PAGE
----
Do you often find that the less money you spend the richer an experience or connection is? I sure do. For a recent potluck dinner at a friend’s house I made limeade with limes I’d rescued from a grocery store dumpster and added mint from my garden. The limeade was a hit! In exchange I was treated to homemade chocolate and papaya ice cream, tasty entrees, and engaging conversation on my friend’s back patio overlooking her beautiful gardens. How much of what truly brings joy to our lives stems from money? It all got me thinking about the intriguing stories of those pursuing moneyless living.
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The point of this post isn’t to encourage people to completely avoid money. In fact, for most of us a certain baseline amount makes life easier to navigate and helps us thrive. There are a number of people in our modern day society though, who for ethical reasons have chosen to eschew it all together. They’re sharing their inspiring stories online to motivate others and get us thinking differently about what is possible.
What Can We Learn from Moneyless Living?
Before highlighting some of these folks I’d like to offer three caveats. Firstly, each of these individuals comes from a place of privilege merely by the fact that they’ve consciously chosen to not use money. There are sadly many other people living without (much) money, but not by choice. And secondly, in our current society it seems to me it’s completely impossible to eliminate all interactions with money. For example, you may choose to not use it, but if you are staying with someone they are paying property taxes that support your living arrangements. So with those caveats out of the way let’s get onto their stories and see how they are living beyond money. Thirdly, most of the examples of moneyless living I’m about to cite take place outside of the U.S. in countries that provide universal healthcare. I think having access to universal healthcare makes this lifestyle a bit more accessible and compelling.
Moneyless in Moab
Daniel Suelo was my first exposure to someone intentionally living without money. He spent about fifteen years of his adult life sleeping primarily in caves outside Moab, Utah. In 2012 author Mark Sundeen shared Suelo’s intriguing story in a book titled The Man Who Quit Money. Suelo has since gone back to using money after returning home to act as caretaker to his parents in their later years.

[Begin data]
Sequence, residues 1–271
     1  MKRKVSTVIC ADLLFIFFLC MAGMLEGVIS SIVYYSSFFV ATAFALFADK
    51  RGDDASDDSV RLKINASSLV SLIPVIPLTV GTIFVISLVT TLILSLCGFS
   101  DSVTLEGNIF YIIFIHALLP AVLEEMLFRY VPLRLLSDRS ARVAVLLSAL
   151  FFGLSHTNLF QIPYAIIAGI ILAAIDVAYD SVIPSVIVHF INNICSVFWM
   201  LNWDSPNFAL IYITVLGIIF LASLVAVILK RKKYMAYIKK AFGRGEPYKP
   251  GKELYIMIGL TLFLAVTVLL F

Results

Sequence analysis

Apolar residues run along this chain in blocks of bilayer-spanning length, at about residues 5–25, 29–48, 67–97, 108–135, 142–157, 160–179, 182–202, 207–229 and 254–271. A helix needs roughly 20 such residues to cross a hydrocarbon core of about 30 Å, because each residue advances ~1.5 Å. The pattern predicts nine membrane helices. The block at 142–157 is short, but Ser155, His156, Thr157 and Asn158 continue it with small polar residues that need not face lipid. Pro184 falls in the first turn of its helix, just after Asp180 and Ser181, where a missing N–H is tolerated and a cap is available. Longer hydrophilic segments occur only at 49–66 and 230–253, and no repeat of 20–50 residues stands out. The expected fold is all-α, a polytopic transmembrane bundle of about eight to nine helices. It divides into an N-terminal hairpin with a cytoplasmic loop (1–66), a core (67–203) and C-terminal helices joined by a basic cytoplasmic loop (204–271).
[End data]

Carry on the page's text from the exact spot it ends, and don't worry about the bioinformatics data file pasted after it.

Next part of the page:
A statement on Suelo’s personal blog notes:
“With a few exceptions, I still don’t take or use money for myself. But I did have to get a state ID, I manage my mom’s finances, I pay her bills, and I shop for her, dealing with general bureaucracy. I don’t have a driver’s license, though I’ve been offered the gift of a car several times but have refused it.
I feel as passionate as ever about a moneyless world, and I hope to return to moneyless living.”
The Moneyless Man
Another story that caught my attention about the same time as Suelo’s is that of Mark Boyle in the U.K. Boyle studied economics at university and then found himself disheartened with the economic realities of the business world. This eventually prompted him to spend a few years living without money. He found a place to trade labor for accommodation, set up a solar shower, cooked over a makeshift rocket stove, and grew much of his food. He shares his philosophy as well as his experiences from those years in The Moneyless Manifesto. Boyle now owns a simple off-grid cabin and still limits his use of money as well as technology.
A Psychotherapist Finds Happiness Living Without Money
Heidemarie Schwermer experienced a riches to rags back to riches childhood in Europe. She then went on to become a teacher and eventually a psychotherapist in her fifties. Schwermer found that the money didn’t satisfy her. In fact she missed the strife, challenges, and struggle of her childhood years. One of her first steps towards looking beyond money came when she established Germany’s first exchange circle, facilitating simple swaps between members. The major catalyst for moneyless living occurred when friends invited her to housesit for them.